María Elena Ordoñez Legarda
Fellow Since 2000
This profile was prepared when María Elena Ordoñez Legarda was elected to the Ashoka Fellowship in 2000.
María Elena Ordóñez teaches environmentalism to children across Ecuador through a television program, teaching materials, student clubs, and commercial products that saturate Ecuador with a new and much-needed regard for environmental protection.
The New Idea
María Elena's organization is one of few in Ecuador devoted entirely to environmental education for children and is the only one using television and radio. She has produced a successful educational television show that captures young people's attention and imagination and turns them into proactive environmentalists. The program and its characters are informed by a network of teachers and schools trained to use educational materials. Educators incorporate environmentalism into their curricula while María Elena markets environmental club membership and projects to students around the region.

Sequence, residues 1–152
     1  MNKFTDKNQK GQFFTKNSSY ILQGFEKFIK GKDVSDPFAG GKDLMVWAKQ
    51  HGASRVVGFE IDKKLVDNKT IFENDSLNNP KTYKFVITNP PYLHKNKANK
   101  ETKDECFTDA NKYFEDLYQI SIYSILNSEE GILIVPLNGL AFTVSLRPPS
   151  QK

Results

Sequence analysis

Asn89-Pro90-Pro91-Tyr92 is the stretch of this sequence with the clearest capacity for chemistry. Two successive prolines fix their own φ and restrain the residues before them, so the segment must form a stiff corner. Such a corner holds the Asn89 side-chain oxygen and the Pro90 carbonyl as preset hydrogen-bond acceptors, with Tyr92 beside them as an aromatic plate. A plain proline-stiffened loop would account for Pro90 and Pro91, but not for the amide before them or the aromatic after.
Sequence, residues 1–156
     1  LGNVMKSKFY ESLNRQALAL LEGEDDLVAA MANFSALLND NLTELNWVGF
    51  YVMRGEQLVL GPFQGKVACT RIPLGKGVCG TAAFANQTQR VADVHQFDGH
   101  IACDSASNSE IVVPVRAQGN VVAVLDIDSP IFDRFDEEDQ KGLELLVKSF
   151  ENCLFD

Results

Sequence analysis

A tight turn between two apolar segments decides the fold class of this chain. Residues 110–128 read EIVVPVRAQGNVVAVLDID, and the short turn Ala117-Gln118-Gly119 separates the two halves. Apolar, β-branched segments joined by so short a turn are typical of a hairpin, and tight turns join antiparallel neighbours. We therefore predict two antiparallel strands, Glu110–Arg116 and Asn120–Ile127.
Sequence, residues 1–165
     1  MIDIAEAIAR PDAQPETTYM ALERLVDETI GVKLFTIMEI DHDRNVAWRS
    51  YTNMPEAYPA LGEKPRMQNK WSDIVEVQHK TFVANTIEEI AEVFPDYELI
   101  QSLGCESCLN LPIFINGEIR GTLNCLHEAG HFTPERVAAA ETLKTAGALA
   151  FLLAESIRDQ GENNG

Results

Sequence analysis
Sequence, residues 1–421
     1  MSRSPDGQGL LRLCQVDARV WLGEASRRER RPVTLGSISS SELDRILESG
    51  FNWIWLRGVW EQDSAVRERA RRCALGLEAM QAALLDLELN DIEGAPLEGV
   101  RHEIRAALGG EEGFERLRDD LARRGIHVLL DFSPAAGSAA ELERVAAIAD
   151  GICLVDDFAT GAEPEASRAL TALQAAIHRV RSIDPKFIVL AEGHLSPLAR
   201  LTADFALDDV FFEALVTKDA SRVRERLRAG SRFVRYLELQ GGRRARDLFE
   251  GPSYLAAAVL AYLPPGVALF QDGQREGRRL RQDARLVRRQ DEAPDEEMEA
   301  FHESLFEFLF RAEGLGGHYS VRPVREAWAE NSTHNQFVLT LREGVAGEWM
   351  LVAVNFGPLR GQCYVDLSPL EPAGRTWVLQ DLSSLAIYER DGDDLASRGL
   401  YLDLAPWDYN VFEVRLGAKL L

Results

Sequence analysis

Ecuador's rich diversity of flora and fauna is matched by an equally rich variety of serious environmental problems: drought, pollution, extinction of animals, and deforestation. These problems are compounded by the public's lack of awareness about the effects of environmental degradation on their health and quality of life. According to the International Center of Advanced Studies in Communication's 1998 Latin American study, 78 percent of the Ecuadorian population believes that environmental protection is the responsibility of the state and accepts no personal responsibility. In spite of efforts by civil society organizations and public and private entities, there has been very little success in changing the behavior of the Ecuadorian population with regard to environmental protection. Moreover, with the severe economic crisis that is taking place currently in Ecuador, environmental concern has become a low priority for government funding. Little money for environmental programs means a lack of opportunities to teach young people about environmental problems, solutions, and safeguards.